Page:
In this new development world order, where both corporations and donors are speaking the language of partnerships, how best can nonprofits positions themselves to generate added value?
In her recent Devex Impact column, Why nonprofits deserve more credit for public-private partnerships, author and consultant Susan Rae Ross argued that nonprofits, as the “beating hearts” of these partnerships, need to be more confident in articulating the value they add.
Todd Kirkbride, TechnoServe’s public-private partnership director in Mozambique, did exactly that with his column, Investment advising as a catalyst for shared value, in which he described how his NGO works one-on-one with investors to link up their business goals with the country’s development needs.
But the response to both columns showed that the role of NGOs in the partnership landscape is far from settled.
Devex reader Ted Greiner expressed skepticism about NGOs’ increasing engagement with corporates.
“Private partnerships are being used by multinational companies to exploit well-meaning NGOs to expand their markets into developing countries,” wrote Greiner, a professor of nutrition at Korea’s Hanyang University in Seoul.
“For the companies, this is much cheaper and more effective than having to do their market research and develop their own on-the-ground networks.”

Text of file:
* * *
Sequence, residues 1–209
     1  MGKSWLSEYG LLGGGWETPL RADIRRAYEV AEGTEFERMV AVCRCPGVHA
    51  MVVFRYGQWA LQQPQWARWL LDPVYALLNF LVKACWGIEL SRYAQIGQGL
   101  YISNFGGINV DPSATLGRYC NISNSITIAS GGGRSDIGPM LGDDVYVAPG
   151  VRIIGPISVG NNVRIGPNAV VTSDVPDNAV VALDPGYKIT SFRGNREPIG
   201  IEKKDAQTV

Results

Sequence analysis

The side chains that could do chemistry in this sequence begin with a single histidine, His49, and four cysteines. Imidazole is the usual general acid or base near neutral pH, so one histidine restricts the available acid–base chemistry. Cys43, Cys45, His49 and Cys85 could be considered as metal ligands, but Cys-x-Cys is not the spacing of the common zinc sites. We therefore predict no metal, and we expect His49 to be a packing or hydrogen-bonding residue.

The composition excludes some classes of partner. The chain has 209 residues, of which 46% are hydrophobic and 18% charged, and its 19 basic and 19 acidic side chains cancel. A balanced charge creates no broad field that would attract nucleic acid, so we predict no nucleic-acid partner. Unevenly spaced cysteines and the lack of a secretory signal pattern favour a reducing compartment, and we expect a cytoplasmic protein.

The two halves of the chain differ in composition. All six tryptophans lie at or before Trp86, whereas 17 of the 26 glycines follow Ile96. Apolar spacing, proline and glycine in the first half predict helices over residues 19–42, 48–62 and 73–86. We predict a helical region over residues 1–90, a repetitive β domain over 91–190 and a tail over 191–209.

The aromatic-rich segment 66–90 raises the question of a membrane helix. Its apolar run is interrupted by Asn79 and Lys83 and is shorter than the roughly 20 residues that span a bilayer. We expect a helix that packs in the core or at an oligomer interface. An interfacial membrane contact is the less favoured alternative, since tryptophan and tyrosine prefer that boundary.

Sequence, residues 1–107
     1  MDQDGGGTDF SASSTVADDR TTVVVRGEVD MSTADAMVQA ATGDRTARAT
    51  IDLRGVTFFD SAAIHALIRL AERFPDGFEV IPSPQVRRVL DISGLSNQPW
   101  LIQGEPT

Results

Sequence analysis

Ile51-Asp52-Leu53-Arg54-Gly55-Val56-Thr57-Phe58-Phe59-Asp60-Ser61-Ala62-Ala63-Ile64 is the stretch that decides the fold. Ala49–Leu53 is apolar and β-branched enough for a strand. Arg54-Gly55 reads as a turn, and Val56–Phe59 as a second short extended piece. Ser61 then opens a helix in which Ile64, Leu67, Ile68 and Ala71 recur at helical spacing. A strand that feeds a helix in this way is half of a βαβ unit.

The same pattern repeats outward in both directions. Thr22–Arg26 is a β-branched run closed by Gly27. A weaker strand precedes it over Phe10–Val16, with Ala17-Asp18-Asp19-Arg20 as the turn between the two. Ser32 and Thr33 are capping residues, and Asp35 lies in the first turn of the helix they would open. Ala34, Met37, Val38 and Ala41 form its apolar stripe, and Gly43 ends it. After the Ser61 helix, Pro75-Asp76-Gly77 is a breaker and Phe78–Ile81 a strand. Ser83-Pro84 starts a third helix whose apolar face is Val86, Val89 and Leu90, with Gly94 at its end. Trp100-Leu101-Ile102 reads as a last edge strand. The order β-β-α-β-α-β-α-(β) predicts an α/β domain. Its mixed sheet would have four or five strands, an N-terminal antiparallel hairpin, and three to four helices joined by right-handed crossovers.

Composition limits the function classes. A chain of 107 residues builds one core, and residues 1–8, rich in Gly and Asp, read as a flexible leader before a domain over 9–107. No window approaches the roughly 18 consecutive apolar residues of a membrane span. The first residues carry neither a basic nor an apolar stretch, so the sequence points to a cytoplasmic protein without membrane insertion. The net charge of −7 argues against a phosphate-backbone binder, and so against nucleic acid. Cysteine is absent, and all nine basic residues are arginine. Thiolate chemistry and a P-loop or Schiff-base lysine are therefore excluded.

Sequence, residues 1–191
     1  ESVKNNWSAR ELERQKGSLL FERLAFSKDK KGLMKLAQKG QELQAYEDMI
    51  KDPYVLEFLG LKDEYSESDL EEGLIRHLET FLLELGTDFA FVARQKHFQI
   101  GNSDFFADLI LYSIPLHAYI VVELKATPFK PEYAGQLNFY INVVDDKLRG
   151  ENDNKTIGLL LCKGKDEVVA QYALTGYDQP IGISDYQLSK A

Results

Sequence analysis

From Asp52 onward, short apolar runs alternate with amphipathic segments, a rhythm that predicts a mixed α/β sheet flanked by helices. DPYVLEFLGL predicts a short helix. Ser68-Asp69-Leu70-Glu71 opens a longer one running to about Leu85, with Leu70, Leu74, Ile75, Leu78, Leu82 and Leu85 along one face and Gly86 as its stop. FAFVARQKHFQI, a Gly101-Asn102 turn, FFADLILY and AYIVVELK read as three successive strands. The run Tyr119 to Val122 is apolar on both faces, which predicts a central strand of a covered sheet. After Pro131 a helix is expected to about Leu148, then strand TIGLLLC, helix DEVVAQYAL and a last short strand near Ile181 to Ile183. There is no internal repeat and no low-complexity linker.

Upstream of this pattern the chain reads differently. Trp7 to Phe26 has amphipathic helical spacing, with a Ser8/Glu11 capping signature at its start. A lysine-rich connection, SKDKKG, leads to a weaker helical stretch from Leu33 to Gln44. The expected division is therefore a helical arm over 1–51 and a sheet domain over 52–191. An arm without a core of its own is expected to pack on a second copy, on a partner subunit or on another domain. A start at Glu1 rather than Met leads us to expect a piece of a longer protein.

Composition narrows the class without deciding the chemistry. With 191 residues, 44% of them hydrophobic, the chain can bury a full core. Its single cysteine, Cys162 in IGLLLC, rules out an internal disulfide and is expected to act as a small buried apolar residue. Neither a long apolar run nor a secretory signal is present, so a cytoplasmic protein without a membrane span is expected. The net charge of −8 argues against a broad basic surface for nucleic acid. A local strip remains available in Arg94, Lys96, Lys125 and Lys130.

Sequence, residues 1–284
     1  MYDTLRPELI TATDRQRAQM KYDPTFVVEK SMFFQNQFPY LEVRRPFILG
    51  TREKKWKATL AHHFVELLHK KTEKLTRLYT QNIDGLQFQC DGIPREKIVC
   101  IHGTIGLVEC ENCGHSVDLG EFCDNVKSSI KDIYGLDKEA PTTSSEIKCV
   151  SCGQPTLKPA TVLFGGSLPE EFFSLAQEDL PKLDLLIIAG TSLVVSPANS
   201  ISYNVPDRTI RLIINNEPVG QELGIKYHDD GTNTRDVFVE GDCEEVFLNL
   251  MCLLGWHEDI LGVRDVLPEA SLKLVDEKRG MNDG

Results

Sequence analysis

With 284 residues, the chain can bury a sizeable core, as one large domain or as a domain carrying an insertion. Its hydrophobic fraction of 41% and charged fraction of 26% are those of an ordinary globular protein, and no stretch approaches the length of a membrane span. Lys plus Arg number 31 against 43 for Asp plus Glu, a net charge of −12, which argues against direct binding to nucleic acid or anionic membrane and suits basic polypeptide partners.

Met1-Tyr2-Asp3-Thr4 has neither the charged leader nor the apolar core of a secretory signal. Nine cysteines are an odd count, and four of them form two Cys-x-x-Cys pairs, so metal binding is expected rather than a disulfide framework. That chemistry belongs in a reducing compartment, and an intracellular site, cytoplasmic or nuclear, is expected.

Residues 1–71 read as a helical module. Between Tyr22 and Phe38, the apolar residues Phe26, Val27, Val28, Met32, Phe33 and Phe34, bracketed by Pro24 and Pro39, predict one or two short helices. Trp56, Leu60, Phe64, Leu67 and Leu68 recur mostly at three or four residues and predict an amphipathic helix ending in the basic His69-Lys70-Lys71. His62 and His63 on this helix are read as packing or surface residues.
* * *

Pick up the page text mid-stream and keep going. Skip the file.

John Brittell, founder of Capitol Food Ventures, questioned whether the “shared value” model, as it was originally articulated in the well-known Harvard Business Review article by Michael Porter and Michael Kramer, has room for NGOs.
The idea of shared value “stems from the belief that an NGO is an actor (and therefore not a true partner) within the commercial system, along with other stakeholders,” wrote Brittell. “This view is authoritarian in nature and originates from the firm.”
Other commenters were more sanguine about existing models in which NGOs help bring corporates, donors and host government together.
Andrew Clenaghan, a program coordinator at U.K.-based NGO Practical Action, suggested that NGOs can leverage their corporate relationships to push for more inclusive business practices.
“NGOs can play an important role in making the case to the private sector for another type of PPP: ’pro-poor profit,’” wrote Clenaghan.
John Tull, the Grameen Foundation’s global director of mobile agriculture innovation, agreed that NGOs must make time for a sometimes-lengthy process of “mutual discovery” with corporates before any shared value can be uncovered.
“Folks have to understand who they’re dealing with and what it takes to move from a ‘date’ to marriage,” wrote Tull, who previously worked for TechnoServe as a senior business consultant in East Africa.
Tull also echoed a call for more in-depth coverage of the “gritty details” of partnerships, so development practitioners can learn from the successes and failures of others.
Have you worked on a multistakeholder development alliance? What did you learn? Should NGOs play a background role as partnership “catalysts” or should they be push to become full partners in this new era of development alliances?
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